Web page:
It was a comfortingly brisk, grey British day, though temperatures of up to 22 degrees were apparently promised the following week. Yeah right!

    We stopped en route at a huge service area, complete with mini supermarket and Ramada Hotel for a truly awful coffee – Allpress definitely need to expand their (understandably successful) operation beyond London. It really didn’t take long to arrive at our gorgeous destination, the accommodation being a cottage traditional to the area, complete with a modern kitchen, good heating, great water pressure – and soft beds. Bliss!


    Helen had a timetable in mind (you don’t mess with a Virgo) so after unpacking, showering and a change of clothing we set off to the train station to collect the fourth member of our party, and head to our first eating spot: The Cherwill Boathouse. We all enjoyed a hearty and tasty meal, finishing with a couple of fine British farmhouse cheeses.

    The next day we had been invited to visit Daylesford Organics and were accorded a comprehensive tour of this wonderful place. It comprises a 2000-acre organic farm complete with restful spa, as well as a restaurant, a food store and a home wares shop by Jerome, who is the export manager for one of Lord and Lady Bamford many operations – a French winery called Léoube. A magnum of their very nice Rosé had been a gift for my birthday earlier this year.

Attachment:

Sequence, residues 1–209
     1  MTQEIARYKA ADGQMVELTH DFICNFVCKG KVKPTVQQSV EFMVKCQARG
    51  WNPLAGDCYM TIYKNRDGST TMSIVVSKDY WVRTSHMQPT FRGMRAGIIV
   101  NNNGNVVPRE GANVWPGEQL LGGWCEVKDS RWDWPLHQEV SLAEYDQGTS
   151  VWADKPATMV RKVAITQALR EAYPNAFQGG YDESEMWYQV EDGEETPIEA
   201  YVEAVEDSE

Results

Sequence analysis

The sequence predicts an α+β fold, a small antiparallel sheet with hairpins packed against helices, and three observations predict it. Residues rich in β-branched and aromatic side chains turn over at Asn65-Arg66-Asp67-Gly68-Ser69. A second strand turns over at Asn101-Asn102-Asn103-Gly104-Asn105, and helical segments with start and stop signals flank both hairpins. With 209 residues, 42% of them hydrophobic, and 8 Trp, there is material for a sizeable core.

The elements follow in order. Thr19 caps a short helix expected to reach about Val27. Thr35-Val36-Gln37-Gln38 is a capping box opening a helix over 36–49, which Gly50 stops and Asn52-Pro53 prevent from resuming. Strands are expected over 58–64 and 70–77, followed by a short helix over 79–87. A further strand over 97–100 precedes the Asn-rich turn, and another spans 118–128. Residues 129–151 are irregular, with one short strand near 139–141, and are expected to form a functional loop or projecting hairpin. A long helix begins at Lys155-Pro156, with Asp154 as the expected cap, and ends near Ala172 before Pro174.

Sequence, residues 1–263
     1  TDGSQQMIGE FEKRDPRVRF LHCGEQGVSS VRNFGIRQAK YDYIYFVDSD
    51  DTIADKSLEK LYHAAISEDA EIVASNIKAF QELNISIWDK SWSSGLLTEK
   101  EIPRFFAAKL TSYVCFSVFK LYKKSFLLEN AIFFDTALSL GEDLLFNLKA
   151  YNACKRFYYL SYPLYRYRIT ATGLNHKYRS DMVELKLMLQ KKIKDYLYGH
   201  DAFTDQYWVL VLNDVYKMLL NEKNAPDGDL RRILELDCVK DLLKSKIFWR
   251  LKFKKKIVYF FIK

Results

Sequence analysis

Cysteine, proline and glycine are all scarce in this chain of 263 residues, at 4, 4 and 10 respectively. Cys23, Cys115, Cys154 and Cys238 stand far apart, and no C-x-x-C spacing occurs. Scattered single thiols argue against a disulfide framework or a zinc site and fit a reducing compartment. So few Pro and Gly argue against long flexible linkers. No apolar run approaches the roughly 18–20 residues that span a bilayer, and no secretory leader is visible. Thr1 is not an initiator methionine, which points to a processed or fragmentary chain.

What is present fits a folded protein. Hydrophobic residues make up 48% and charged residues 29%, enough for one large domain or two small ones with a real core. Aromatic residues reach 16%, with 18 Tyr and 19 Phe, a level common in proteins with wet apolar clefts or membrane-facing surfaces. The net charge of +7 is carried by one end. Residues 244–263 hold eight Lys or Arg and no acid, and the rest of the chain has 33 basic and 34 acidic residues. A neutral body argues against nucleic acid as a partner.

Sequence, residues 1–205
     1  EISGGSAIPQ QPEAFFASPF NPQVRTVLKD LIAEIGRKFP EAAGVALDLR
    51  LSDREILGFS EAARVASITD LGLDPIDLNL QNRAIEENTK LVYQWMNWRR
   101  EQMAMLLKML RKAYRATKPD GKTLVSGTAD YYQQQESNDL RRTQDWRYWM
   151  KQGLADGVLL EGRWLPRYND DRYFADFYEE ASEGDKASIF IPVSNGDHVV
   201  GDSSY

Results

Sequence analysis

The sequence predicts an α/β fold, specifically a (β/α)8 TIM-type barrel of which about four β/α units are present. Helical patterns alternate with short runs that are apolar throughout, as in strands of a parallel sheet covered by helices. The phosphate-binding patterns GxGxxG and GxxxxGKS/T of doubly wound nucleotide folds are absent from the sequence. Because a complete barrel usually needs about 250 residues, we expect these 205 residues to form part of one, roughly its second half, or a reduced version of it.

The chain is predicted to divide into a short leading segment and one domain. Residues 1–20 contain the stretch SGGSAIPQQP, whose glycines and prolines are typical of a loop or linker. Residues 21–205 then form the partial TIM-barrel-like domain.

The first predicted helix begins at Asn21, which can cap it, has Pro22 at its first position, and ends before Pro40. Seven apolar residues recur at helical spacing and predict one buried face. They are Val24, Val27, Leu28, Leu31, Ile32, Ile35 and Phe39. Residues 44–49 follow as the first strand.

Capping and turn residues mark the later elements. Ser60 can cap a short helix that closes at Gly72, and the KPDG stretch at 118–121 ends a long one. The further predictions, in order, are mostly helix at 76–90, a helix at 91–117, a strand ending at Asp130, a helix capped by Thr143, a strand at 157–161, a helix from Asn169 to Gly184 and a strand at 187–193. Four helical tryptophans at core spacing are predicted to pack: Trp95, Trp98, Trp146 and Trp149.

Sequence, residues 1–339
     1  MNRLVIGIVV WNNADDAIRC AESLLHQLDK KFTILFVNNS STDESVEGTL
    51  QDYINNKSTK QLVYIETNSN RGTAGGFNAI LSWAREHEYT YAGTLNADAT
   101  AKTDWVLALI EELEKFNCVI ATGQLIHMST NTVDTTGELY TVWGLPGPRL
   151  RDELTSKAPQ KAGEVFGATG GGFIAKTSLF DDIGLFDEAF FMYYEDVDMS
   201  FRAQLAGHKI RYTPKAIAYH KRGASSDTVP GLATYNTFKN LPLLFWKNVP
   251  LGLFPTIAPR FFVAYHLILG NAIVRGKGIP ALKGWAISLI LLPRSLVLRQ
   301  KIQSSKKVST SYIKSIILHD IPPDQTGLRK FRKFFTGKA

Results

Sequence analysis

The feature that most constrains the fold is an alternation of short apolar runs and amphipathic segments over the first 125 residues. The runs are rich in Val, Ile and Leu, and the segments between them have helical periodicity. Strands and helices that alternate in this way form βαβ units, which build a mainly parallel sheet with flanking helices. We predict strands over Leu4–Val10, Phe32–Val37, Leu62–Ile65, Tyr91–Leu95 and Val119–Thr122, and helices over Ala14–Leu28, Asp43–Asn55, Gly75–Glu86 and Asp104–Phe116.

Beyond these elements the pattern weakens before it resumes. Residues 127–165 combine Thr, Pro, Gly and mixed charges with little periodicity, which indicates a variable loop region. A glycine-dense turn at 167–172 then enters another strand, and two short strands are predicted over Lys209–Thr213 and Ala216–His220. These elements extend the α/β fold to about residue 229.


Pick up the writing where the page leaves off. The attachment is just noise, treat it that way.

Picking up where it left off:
Certainly the shop and restaurant are exceptionally attractive – and we were interested to note the presence of Torres crisps. The star of the show however was not on the food side. We had the pleasure of making the acquaintance of Charlie – a chatty 10 year old on the animal husbandry side – who certainly knew his lambs, lifting one straight into Helen’s arms and enthusiastically offering to prepare a bottle for her to feed it. Charlie was not looking forward to abandoning his small charges to return to school the following week.


    We then meandered through a few of the nearby romantic Cotswold villages, complete with thatched cottages, clumps of daffodils growing in artistically-placed clusters, crows and magpies,  bridges christened with names like Tadpole Bridge and pubs called ‘The Red Lion’, ‘The White Hart’ and ‘The Kings Arms’, then headed to another of Lady Carole Bamford’s establishments, a restaurant called ‘Wild Rabbit’ to enjoy lunch in another of her very convivial settings.

    Wild Rabbit

    That night we self-catered with some of the fine fare we had purchased at Daylesford Organics and took some time to enjoy our gorgeous cottage, before we packed our bags and set off early the next morning for Barcelona.